When the travellers arrive at Bree they find the gate locked against them and their welcome at first is anxious and even suspicious. But Barliman Butterbur is pleased to see them and after politely listening to the story of their adventures he gets down to the things that really matter, the news of events in Bree.
“There was trouble right here in Bree, bad trouble. Why, we had a real set-to, and there were some folk killed, killed dead! If you’ll believe me.”
And the travellers do believe him because all trouble is real to the one who has to undergo it. It may be that the listeners have done battle with a troll before the Black Gate, with the Witch King of Angmar before Minas Tirith, with the Balrog of Moria, with Shelob in her lair and with the Ring of Doom step by impossible step across the plains of Mordor to the very place in which it was made by the Dark Lord. All this may be true but each violent death is a crime against nature itself and five of the people of Bree died in the struggle against ruffians from the south.
It is the travellers who have seen so much and who have been through so much who have to be the listeners and that is the way of things. Each experience has deepened their understanding and broadened their sympathy and their imagination. Not so Barliman whose knowledge of the world has come only from the stories that he has heard told by travellers staying at his inn. His personal experience has come only from his life within the borders of the Breeland and within them he is a man of some wisdom and courage. We can admire his rushing to the doors of The Prancing Pony armed only with a club ready to defend it against desperate bandits but beyond these narrow limits he could not help much as Aragorn reminded him once when Bree was threatened by the Nazgûl of Mordor.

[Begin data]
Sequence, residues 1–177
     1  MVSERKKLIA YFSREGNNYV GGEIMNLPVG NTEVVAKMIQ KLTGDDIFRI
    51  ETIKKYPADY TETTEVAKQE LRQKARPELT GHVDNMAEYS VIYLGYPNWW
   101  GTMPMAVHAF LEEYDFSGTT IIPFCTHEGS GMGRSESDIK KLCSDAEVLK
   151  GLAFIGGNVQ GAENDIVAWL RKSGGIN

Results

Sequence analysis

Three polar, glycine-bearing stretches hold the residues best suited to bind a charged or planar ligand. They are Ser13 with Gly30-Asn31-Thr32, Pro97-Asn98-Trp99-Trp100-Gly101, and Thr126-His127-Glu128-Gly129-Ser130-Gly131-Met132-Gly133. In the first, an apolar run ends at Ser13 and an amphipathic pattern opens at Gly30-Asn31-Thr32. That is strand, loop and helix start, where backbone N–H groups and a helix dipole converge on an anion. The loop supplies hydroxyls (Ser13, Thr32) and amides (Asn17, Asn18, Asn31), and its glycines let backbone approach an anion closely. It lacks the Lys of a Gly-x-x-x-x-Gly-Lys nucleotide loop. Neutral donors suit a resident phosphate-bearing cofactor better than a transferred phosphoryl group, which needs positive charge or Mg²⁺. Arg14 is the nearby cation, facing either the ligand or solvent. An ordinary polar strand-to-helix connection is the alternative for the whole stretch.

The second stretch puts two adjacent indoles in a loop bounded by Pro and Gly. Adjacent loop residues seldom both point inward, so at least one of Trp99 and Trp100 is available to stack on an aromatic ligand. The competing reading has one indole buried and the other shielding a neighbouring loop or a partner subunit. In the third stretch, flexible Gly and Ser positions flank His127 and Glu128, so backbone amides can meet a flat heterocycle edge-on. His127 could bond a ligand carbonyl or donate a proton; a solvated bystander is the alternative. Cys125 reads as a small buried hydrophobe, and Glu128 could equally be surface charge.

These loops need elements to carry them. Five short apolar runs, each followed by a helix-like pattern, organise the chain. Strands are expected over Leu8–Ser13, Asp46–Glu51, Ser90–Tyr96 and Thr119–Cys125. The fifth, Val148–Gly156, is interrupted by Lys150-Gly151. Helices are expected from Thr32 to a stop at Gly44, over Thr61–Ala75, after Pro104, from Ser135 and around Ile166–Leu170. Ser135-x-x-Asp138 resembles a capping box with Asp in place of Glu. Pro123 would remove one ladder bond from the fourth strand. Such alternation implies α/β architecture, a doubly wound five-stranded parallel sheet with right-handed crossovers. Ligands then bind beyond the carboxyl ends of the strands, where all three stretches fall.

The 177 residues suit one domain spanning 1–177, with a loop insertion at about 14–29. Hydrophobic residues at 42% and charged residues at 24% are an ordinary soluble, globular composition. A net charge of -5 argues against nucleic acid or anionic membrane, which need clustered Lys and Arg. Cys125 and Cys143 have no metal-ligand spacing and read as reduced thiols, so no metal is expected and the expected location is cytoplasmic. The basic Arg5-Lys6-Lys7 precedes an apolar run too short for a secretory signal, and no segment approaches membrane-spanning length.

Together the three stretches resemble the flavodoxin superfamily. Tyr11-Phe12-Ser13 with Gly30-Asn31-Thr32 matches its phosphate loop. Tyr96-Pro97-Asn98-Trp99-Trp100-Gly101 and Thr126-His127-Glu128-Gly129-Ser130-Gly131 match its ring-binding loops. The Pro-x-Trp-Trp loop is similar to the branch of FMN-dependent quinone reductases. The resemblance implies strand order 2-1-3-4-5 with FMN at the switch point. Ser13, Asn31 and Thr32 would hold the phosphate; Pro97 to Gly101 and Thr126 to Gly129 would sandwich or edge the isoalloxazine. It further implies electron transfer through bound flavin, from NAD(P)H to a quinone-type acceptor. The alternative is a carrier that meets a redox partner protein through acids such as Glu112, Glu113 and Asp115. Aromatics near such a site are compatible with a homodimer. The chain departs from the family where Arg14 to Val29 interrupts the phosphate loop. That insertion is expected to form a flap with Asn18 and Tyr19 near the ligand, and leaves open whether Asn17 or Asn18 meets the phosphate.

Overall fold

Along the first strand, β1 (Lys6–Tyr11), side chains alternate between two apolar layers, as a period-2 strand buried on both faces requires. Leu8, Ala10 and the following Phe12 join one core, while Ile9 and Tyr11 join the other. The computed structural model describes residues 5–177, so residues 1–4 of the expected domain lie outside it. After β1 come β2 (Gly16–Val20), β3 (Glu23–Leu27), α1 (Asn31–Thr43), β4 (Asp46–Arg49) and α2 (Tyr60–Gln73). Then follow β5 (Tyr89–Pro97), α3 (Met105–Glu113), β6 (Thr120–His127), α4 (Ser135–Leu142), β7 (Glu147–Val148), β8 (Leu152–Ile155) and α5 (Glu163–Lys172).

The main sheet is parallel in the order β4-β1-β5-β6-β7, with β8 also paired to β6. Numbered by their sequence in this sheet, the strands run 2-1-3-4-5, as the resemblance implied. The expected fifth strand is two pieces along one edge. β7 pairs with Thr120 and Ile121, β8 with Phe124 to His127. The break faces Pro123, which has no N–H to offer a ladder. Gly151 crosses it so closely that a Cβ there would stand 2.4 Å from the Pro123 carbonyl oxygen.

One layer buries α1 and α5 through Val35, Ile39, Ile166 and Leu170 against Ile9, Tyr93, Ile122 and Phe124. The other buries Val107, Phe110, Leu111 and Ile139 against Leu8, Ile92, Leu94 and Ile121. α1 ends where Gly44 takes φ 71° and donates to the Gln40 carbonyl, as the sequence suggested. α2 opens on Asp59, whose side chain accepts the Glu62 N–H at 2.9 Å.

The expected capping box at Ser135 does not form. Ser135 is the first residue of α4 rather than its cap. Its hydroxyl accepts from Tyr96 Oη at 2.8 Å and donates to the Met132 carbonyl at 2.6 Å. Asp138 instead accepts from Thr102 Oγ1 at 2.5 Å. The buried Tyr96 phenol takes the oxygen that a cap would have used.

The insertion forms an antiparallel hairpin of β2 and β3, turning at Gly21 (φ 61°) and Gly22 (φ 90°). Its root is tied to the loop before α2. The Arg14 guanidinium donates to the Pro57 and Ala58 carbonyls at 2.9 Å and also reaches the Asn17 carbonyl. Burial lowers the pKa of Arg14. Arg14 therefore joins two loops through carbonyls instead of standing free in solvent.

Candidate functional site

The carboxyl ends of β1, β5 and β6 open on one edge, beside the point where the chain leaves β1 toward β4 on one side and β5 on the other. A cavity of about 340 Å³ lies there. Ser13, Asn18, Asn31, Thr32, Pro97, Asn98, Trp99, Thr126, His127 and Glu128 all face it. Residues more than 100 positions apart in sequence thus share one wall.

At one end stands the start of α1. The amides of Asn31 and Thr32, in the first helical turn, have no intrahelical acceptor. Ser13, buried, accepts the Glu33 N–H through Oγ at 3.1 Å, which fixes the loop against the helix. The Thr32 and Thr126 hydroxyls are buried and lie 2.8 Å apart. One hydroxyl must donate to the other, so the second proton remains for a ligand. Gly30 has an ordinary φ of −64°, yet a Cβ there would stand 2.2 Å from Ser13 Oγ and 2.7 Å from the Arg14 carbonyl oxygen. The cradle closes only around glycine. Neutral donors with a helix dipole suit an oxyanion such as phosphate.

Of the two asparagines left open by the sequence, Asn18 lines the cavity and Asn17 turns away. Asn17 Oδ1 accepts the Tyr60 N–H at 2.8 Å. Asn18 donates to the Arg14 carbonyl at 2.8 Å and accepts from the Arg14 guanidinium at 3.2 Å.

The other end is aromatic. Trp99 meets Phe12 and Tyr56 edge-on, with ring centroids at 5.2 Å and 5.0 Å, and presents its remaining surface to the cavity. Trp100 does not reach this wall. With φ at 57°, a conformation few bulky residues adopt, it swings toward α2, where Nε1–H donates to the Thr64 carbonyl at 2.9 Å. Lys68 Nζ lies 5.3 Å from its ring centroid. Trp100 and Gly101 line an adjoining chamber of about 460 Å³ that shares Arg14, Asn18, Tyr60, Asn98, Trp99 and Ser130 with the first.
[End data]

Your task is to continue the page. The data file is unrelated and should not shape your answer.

The travellers have begun to learn a new and a sad lesson and that is that they will find few interested listeners when they return home. Even their wives will be unable to make the kind of sympathetic leap of imagination that is required from a good listener. What I hope the wives will possess will be the quality of listening that comes of a loving heart. They may not fully comprehend what their husbands have experienced but they will care that each thing will have happened to someone that they love. But perhaps in the midst of worries about young children or problems in the household they will not be able to spare much time for listening.
At one time as a parish priest in Birmingham, England I found that I often had to take the funerals of men for whom a major part of their life experience had been service in the military during the Second World War. Two things began to impress me deeply about these men. One was just how young they had been when they were torn away from ordinary life and all that they had seen and done. The other was of a different kind of courage. The courage to return to ordinary life as husbands, fathers and useful members of their communities. As I began to hear these stories I began to develop as much respect for the second kind of courage as for the first.
Now the hobbits will have to learn how to find peace within themselves and not seek it from others. Frodo will pass into the West and find healing there. Merry and Pippin will draw upon the optimism that has been such a source of strength to them and they will draw too upon their friendship with each other. Sam will develop a deep connection to his daughter, Elanor the Fair, to whom he will give the Red Book, the record of the deeds of the Great Years, before he too passes into the West after the death of Rosie Cotton to whom he will remain faithful through the long years.
And Butterbur will find comfort in the turning of the affairs of Bree for the better and after he has learned that the bandits will soon go and peace restored he will go to his bed more comforted than he has been for a long time.